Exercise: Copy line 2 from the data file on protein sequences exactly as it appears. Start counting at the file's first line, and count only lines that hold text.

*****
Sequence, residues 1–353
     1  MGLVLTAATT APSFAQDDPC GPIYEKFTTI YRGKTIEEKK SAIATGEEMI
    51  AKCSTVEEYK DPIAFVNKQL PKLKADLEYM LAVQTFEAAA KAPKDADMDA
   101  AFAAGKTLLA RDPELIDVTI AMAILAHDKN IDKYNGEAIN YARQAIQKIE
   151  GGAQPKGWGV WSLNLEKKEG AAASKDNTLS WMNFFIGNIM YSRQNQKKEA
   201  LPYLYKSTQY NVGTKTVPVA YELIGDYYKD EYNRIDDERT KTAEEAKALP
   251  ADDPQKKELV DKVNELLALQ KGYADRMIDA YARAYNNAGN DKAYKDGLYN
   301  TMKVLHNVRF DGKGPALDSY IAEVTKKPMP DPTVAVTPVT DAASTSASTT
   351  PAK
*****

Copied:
     1  MGLVLTAATT APSFAQDDPC GPIYEKFTTI YRGKTIEEKK SAIATGEEMI